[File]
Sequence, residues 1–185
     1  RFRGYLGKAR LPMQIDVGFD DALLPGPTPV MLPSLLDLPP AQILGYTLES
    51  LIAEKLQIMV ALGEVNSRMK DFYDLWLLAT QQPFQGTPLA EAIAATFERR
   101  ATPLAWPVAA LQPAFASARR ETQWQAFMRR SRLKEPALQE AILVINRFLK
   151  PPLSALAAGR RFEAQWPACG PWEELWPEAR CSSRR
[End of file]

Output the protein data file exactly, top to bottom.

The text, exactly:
Sequence, residues 1–185
     1  RFRGYLGKAR LPMQIDVGFD DALLPGPTPV MLPSLLDLPP AQILGYTLES
    51  LIAEKLQIMV ALGEVNSRMK DFYDLWLLAT QQPFQGTPLA EAIAATFERR
   101  ATPLAWPVAA LQPAFASARR ETQWQAFMRR SRLKEPALQE AILVINRFLK
   151  PPLSALAAGR RFEAQWPACG PWEELWPEAR CSSRR